Rock Legend Steve Miller Brings in an ICON for New Albums
Guitarist/vocalist Steve Miller has carved a place in history as one of the most successful blues rock artists of all time. Now he’s putting the finishing touches on a couple new albums, featuring all blues covers, with help from a 32-channel ICON D-Control ES console he recently had installed in his studio.
Miller has engineer Kent Hertz (Godsmack, Terrence Howard, Gloria Estefan) to thank for introducing him to the ICON way. Hertz, who’s mixing the album alongside renowned producer/engineer Andy Johns (Led Zeppelin, Van Halen, Rolling Stones), had used ICON consoles in previous projects and found the sheer speed invaluable.
There’s nothing else that touches it… If I have to, I’ll mix on an SSL, but I’d rather mix on an ICON.
“You can’t beat the functionality, you can’t beat the workflow,” Hertz emphasizes about using ICON with Pro Tools. “The speed and control you have on mixing you can’t do on anything else.”
Miller originally designed his studio around an SSL console in the early ’90s, but the technical hassles associated with an analog board led him to go digital — first with a Euphonix CS-3000 and then a Digidesign ProControl until Hertz arrived last November to start planning the mixing sessions.
“I’m the one that kind of persuaded him to get the ICON,” Hertz admits. “[I] installed it and redid his whole studio — it’s basically a big Pro Tools room now… Originally, he wanted to put a big Neve in there. I kind of ran the numbers, and there was no way it was going to happen for the budget that we had.”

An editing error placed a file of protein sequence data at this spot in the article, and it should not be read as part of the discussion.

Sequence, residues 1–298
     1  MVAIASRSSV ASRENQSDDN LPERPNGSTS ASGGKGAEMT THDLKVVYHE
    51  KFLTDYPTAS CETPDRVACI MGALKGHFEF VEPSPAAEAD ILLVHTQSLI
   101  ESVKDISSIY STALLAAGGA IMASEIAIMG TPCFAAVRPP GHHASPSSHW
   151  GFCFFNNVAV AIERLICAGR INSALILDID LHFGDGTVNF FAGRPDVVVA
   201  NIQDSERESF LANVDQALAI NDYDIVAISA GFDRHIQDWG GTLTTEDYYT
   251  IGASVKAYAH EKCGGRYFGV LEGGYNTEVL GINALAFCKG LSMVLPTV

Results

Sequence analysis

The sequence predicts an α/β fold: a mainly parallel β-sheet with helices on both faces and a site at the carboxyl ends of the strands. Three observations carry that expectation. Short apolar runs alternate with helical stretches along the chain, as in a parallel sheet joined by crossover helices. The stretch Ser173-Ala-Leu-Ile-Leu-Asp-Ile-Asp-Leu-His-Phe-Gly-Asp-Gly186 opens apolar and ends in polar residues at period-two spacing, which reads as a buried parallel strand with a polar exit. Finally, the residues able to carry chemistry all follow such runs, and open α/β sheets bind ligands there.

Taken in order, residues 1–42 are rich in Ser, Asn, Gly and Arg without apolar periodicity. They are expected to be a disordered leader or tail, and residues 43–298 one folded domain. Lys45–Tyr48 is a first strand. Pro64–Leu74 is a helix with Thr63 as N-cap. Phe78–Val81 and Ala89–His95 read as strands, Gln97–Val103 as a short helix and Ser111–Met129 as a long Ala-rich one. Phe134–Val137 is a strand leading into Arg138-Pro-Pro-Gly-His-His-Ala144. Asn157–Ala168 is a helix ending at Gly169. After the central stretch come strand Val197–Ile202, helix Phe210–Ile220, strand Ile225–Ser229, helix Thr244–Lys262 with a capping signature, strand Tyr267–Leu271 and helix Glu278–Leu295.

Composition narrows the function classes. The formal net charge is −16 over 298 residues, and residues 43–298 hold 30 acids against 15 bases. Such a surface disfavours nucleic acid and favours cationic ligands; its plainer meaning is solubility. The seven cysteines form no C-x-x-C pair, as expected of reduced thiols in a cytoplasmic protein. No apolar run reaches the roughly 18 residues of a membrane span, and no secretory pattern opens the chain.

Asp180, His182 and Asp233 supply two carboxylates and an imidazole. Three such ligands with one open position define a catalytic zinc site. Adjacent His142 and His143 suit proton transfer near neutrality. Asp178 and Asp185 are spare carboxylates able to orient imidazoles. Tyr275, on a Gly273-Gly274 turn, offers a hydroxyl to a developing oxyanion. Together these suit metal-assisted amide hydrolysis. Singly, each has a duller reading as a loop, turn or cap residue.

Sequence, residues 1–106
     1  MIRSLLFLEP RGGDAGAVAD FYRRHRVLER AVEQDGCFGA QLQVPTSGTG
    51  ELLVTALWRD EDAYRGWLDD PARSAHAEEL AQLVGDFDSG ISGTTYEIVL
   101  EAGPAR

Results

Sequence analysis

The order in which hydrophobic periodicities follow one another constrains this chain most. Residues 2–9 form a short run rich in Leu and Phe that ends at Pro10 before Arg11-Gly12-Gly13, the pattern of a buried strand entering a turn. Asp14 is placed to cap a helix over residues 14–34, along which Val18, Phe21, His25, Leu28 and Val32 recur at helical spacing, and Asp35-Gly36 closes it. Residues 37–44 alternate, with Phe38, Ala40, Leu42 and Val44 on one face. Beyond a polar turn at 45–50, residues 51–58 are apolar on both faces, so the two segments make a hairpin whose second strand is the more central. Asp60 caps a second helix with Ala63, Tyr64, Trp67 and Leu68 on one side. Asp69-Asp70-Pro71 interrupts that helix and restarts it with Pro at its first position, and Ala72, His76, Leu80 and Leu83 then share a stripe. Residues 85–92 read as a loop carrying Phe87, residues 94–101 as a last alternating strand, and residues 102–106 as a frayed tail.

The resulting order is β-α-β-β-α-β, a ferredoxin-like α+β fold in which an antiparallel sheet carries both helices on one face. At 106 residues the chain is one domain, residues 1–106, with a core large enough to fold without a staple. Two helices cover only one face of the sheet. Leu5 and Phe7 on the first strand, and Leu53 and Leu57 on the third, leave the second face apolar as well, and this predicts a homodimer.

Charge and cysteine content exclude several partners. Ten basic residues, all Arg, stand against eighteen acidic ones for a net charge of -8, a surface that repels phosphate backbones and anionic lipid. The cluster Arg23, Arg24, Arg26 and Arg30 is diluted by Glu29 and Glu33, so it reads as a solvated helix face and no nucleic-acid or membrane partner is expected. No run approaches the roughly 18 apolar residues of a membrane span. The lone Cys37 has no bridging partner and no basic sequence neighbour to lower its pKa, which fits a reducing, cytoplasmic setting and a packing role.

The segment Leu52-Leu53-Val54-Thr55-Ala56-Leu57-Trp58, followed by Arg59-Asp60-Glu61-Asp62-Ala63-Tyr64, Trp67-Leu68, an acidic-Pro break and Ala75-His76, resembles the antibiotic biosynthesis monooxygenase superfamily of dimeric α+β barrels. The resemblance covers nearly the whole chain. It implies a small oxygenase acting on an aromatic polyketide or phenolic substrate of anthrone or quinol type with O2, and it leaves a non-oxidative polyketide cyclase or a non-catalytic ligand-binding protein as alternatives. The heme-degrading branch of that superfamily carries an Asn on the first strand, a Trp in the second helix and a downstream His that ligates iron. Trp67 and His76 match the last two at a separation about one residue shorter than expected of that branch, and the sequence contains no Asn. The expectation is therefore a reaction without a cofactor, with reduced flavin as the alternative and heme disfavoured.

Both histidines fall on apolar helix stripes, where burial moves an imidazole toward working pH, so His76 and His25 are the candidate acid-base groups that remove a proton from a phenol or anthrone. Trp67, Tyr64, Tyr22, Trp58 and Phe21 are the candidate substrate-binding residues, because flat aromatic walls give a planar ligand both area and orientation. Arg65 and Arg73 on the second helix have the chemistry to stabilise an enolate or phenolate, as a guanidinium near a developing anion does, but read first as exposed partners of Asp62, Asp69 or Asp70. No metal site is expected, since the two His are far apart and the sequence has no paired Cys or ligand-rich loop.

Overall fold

Not only did ICON satisfy the affordability factor, it also proved to be much more than just second choice. Miller loves his new console, but most surprising, Hertz says, was Johns’ reaction to it. As mixing preparations began, Hertz took Johns — a longtime, old school analog advocate — to Miller’s studio to get him accustomed to the ICON.
“The first two days,” Hertz recalls, “he [Johns] was just not having it whatsoever, but then by the end of the fourth day, he told me he didn’t want to mix on anything else.”
“I had a very good time with it,” Johns says, who’s also mastering the albums on ICON. “It took me a little bit of time to get used to it, but I had Kent with me, and he’s a really bright chap. I was amazed at how flexible it was and what can be accomplished. It sounds fabulous — I’m very pleased.”
Comparing the ICON to his analog console comfort zone, Johns reasons, “I think why I liked it [the ICON console] is because after a day or two, it feels like you’re at home.” But there was one thing he wasn’t prepared for when he first started going through the console’s fader banks. “The faders all jump around!” he exclaims, laughing. “That freaks me out a little bit still, but [because of the banking] it’s got as many channels as you could ever need.”
Before ICON came into the picture, Miller had planned to complete his project entirely in analog, and cut an estimated 41 cover songs at Skywalker Sound, with Johns recording all tracks onto analog tape. But after some discussion about the mixing approach, Hertz succeeded in getting Miller to go with ICON, and transferred the recordings to Pro Tools to accommodate Miller’s new setup, which also includes a 7-card Pro Tools|HD system running Pro Tools 8 software.